2. Washington’s Orderly Book, May 26, 1778; Orderly Book of the Northern Army at Ticonderoga, p. 126,
  3. American Archives V., vol. 3, col. 1031.
  4. E. Elmer’s Journal; in New Jersey Historical Society Proceedings, vol. 3 (1849), p. 93.
  5. Robbins’s Journal, p. 39.
  6. Orderly Book of the Northern Army at Ticonderoga, p. 123.
  7. American Archives V., vol. 3, col. 1584; Massachusetts Historical Society Proceedings, May, 1894, p. 88.
  8. G. L. Goodale’s British and Colonial Army Surgeons, p. 10.
  9. Elijah Fisher’s Journal, p. 5.
  10. Schuyler to Congress, November 20, 1775; Lossing’s Schuyler (1872), vol. I, p. 466. Dr. Rush held to the view that many New Englanders deserted on account of homesickness. When Gates met Burgoyne’s army the excitement was a strong power that overweighed fear and longing for home, so that desertions for a few weeks almost ceased. (Massachusetts Magazine for 1791, p. 284.)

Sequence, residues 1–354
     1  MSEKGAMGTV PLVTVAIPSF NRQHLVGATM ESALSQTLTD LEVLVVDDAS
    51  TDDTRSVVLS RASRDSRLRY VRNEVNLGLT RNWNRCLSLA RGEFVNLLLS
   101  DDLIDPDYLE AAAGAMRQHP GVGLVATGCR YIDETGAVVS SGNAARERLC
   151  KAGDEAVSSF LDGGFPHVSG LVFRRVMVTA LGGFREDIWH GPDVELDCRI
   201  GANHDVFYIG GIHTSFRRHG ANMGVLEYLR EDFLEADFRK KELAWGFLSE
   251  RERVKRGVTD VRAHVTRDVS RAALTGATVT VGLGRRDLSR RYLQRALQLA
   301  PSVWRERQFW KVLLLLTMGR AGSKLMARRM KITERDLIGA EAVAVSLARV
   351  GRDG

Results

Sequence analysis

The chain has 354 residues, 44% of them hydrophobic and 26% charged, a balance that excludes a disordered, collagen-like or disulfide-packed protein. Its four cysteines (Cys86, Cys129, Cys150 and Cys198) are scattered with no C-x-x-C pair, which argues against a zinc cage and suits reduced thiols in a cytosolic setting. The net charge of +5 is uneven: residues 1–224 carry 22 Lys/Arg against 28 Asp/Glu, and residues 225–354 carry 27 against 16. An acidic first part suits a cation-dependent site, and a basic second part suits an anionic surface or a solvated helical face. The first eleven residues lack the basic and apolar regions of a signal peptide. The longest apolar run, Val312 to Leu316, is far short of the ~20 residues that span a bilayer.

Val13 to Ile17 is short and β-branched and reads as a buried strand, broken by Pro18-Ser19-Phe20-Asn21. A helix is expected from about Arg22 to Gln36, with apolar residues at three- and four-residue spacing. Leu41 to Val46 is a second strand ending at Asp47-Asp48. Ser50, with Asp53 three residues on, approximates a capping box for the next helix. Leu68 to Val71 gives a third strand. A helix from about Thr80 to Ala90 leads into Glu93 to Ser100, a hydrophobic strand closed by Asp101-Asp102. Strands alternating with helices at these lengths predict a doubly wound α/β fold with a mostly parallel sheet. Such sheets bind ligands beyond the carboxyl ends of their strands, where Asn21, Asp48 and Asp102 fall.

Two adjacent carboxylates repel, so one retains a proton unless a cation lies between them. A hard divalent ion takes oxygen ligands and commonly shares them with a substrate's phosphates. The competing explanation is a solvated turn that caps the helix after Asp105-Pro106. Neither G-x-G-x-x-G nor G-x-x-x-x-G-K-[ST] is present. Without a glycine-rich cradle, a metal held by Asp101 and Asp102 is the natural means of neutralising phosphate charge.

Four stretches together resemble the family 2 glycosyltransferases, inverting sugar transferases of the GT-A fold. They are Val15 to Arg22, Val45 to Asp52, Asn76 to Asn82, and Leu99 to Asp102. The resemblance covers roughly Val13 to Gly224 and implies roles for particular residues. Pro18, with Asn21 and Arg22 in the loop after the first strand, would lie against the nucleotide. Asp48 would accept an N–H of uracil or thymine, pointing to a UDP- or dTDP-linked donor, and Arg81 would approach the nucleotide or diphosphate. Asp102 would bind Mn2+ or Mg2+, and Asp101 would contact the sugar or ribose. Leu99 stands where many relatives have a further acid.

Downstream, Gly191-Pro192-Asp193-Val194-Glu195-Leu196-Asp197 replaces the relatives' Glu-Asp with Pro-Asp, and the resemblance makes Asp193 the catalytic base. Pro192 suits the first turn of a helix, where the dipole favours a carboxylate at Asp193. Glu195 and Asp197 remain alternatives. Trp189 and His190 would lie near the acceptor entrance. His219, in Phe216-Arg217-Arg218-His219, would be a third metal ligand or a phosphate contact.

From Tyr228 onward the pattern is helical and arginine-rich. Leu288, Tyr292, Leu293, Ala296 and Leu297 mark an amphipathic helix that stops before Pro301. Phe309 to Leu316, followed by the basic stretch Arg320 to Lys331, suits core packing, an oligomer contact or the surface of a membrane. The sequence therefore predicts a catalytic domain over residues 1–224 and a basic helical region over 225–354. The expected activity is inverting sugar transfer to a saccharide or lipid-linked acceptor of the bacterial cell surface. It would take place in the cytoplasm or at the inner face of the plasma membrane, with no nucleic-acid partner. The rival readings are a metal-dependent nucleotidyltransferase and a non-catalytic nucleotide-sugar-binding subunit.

11. Dr. A. Waldo’s Diary; in Historical Magazine, May, 1861, p. 133.
  12. Charles Cushing, in American Archives V., vol. I, cols. 128-132. See also letter of Council of Massachusetts to Ward, July 9, 1776, ibid., col. 146.
  13. Pennsylvania Magazine, April, July, 1899, pp. 36, 210.
  14. Dr. William Smith; in Pennsylvania Magazine, July, 1896, pp. 149, 150.
  15. Director-General Cochran; in Magazine of American History, September, 1884, p. 249.
  16. Ibid., p. 257.
  17. Washington to Congress; in his Writings (Ford), vol. 5, p. 241.
  18. E. Allen’s Narrative, p. 334.
  19. American Archives V., vol. 4, col. 1234. See also E. Fisher’s Journal, p. 23.
  20. Dr. A. Waldo’s Diary; in Historical Magazine, May, 1861, p. 132.
  21. John Trumbull’s Autobiography (New York, 1841), pp. 34-36.
  22. American Archives V., vol. 3, col. 1138.